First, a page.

New Life and New Look for a Neerup Made in Denmark Bulldog


Blog by Steve Laug

Last week I received a call from Curtis, a gentleman who had been referred to me by City Cigar. He called to inquire if I could repair a broken tenon on a Savinelli Hand Made Estella that was gift from his son and he had dropped it and snapped the tenon off. We chatted and he sent photos and eventually agreed on the repair. He sent the pipe to me through Canada Post and when the box arrived on Monday it also included a second pipe. I talked with Curtis about the second pipe and we decided to restem it as the chip on the top button edge and stem were too big for a repair. The pipe is a sandblast Freehand style Bulldog with a smooth briar band, a black acrylic band and a white acrylic band. It is stamped on the smooth underside of the briar band and reads Neerup followed by Made in Denmark. The stem was vulcanite and had a fitted brass cap above the tenon. It was a slight saddle stem with a gentle bend. It was seriously damaged. There was a large wedge missing from the topside and just ahead of that there was a carved line like a dental bit to facilitate holding it in the teeth. There was a very thick cake in the bowl that took up over half of the diameter of the bowl and the shank was filled with gummy tars and oils. There was an overflow of lava on the rim top and some damage on the back right outer edge from knocking out the pipe. It was a pretty little pipe that looked great. I took photos of the pipe before I started my work on it. I took a close up photo of the bowl and rim top to show the thickness of the cake and the condition of the stem when I received the pipe. It was a bit of a mess. The stem was in rough condition as noted above. You can see the damage on both sides of the stem – the chipped and broken top of the stem and button as well as the tooth damage on the underside of the stem. Looking at it you can see why we chose to restem it.The next two photos showed the stamping on the underside of the shank. It is faint but readable as noted above.I removed the stem and took a photo of the pipe to give a sense of perspective to the parts.I reamed the bowl with a PipNet Pipe Reamer to remove the cake from the bowl – using the #1 and #2 cutting heads to take out the majority of the cake in the bowl. I cleaned up the reaming with a Savinelli Fitsall Pipe Knife and a piece of dowel wrapped with some 220 grit sandpaper. I scrubbed the bowl with Murphy’s Oil Soap and a tooth brush on the sandblast and the a brass bristle brush on the rim top. I rinsed the bowl with warm running water to rinse off the soap and the grime left behind. It looked better. I touched up the nicks and marks on the sandblast bowl and rim top with a black stain pen to blend them into the rest of the bowl. I rubbed the bowl down with Before & After Restoration Balm. I worked it into the sandblast with my fingertips and a horsehair shoe brush to get it deep in the grooves of the sandblast. I let it sit for 15 minutes and buffed it off with a soft cloth. I went through my stem and found this slightly longer taper stem that would need very little adjustment to fit in the shank. I also found a metal ferrule cap in my collection that would fit on the end of the stem and approximate the one that was on the original stem. I took pictures of the old stem with the replacement stem in the photo to show the difference.I glued the polished aluminum ferrule onto the end of the stem – sliding it over the tenon to give a metal end decoration and create a metal look to the stem. I cleaned up the excess glue and took a photo of the finished look of the stem. I liked it.Then I remembered that I had not cleaned out the shank and the internals of the pipe or the new stem. I did it now. I cleaned out the shank and the mortise with pipe cleaners, cotton swabs and isopropyl alcohol to remove the tars and oils. I also cleaned out the airway in the stem I had chosen to use as well.I polished the stem with micromesh sanding pads – dry sanding with 1500-12000 grit sanding pads. I wiped the stem down after each sanding pad with a cloth impregnated with Obsidian Oil. The oil both preserves the rubber and also provides some needed friction for the micromesh pads. I polished it with Before & After Fine & Extra Fine Polish. I rubbed it down a final time with the oil and set it aside. This Neerup Made in Denmark Freehand Bulldog carved by Peder Jeppesen combines a great looking piece of sandblast briar with a multi-banded shank extension and a vulcanite stem to make a beautiful pipe. The removal of the thick shiny coat allows the grain to come alive with the polishing and waxing. I put the stem back on the bowl and carefully buffed the pipe with Blue Diamond on the buffing wheel. I gave the bowl and the stem multiple coats of carnauba wax on the buffing wheel and followed that by buffing the entire pipe with a clean buffing pad. I hand buffed the pipe with a microfiber cloth to deepen the shine. The finished Neerup Made in Denmark Bulldog really is a beauty and fits nicely in the hand and looks very good. Give the finished pipe a look in the photos below. The dimensions of the pipe are Length: 5 1/2 inches, Height: 2 inches, Outside diameter of the bowl: 1 ¾ inches, Chamber diameter: ¾ of an inch. The weight of the pipe is 1.80 ounces/51 grams. Once I finish the second pipe this one will be going back to Curtis to enjoy. Thanks for reading this blog and my reflections on the pipe while I worked on it. There are many more to come!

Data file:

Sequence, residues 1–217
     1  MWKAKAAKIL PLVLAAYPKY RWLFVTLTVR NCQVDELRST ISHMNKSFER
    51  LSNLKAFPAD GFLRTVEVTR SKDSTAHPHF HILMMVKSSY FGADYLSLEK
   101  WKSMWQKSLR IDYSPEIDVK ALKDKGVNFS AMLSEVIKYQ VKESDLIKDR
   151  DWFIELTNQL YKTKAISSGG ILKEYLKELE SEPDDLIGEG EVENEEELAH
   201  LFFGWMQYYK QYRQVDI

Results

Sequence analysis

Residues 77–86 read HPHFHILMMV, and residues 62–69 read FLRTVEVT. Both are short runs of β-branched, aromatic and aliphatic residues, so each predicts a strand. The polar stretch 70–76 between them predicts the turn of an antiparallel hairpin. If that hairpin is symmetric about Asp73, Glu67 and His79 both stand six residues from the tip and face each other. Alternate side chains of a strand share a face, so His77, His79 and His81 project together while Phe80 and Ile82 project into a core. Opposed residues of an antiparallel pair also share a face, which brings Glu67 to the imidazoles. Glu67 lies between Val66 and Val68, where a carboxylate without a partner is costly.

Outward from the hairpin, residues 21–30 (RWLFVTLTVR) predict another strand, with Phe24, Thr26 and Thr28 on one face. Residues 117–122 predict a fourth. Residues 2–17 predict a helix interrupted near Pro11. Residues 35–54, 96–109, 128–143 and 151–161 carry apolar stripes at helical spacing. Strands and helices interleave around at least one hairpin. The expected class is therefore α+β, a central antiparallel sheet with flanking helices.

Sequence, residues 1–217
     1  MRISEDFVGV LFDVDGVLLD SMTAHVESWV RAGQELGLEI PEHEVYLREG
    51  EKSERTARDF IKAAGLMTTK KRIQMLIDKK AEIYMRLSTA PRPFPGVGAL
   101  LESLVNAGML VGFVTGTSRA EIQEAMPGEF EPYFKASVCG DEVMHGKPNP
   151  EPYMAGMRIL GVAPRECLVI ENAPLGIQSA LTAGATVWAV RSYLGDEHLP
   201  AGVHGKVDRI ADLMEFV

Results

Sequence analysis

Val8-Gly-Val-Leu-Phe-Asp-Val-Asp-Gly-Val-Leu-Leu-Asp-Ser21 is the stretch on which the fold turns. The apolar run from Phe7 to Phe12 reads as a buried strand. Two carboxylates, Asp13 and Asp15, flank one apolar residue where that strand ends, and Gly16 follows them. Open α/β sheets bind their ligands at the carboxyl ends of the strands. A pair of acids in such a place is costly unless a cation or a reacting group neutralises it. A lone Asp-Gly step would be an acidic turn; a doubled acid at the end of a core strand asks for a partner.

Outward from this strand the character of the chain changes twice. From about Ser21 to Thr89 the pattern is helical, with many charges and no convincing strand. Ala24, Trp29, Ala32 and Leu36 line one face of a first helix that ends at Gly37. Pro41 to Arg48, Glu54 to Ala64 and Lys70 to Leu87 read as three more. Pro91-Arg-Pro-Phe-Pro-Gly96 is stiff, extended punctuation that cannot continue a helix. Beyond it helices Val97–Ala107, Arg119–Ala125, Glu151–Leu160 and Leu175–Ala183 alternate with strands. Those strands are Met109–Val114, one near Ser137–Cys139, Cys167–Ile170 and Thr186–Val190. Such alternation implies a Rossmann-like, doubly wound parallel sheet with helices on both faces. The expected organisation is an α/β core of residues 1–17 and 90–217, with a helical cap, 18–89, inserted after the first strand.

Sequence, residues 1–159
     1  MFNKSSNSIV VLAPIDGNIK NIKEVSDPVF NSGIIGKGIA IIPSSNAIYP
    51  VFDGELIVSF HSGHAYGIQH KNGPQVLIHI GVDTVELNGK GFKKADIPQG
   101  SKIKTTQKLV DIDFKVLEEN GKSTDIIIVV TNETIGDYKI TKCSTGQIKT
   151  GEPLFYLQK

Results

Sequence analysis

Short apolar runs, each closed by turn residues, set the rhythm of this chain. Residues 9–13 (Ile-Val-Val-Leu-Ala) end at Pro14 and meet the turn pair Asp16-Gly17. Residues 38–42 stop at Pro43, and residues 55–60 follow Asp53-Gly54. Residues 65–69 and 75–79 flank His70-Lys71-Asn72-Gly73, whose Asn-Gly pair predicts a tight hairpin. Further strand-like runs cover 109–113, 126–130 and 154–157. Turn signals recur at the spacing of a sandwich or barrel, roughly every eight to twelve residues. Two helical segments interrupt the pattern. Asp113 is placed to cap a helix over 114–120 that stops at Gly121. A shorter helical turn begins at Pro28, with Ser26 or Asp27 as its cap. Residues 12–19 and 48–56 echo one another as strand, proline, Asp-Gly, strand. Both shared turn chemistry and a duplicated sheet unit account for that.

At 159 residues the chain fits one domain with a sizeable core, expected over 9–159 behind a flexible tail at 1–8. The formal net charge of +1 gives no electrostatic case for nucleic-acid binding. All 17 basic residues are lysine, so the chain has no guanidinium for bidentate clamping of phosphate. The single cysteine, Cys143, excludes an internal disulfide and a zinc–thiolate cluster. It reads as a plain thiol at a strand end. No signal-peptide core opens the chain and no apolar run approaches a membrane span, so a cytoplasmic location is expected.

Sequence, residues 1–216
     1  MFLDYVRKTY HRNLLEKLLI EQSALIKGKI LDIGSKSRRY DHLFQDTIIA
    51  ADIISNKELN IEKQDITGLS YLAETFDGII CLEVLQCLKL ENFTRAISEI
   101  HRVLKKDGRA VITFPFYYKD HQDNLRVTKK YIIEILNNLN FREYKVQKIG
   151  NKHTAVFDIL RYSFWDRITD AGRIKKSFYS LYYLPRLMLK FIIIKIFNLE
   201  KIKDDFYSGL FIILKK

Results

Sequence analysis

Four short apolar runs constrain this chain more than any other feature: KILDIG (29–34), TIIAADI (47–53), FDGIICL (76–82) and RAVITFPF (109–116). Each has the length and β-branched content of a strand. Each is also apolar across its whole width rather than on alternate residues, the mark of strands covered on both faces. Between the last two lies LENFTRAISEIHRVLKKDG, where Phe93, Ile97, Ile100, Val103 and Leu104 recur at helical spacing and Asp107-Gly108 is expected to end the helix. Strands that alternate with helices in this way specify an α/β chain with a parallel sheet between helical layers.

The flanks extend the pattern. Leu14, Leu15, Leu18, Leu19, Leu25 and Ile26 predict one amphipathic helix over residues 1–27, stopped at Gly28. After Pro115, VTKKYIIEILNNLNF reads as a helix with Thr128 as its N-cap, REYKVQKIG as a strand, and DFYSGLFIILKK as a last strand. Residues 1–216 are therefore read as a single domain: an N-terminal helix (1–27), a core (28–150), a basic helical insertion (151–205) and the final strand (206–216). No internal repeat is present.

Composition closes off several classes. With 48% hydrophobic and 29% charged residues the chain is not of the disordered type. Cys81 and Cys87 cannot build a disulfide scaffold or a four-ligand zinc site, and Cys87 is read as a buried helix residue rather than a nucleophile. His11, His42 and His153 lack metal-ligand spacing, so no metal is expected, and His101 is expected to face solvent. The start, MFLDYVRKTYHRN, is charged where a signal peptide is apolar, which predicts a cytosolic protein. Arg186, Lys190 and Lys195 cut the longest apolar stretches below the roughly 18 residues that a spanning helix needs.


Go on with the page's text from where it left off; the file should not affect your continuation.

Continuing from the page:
2 thoughts on “New Life and New Look for a Neerup Made in Denmark Bulldog

  1. Dave

    Well done Steve. I’m sure Curtis will love the results. Steve, Merry Christmas to you and you family. You and rebornpipes is the gift that keeps on giving.

    Reply

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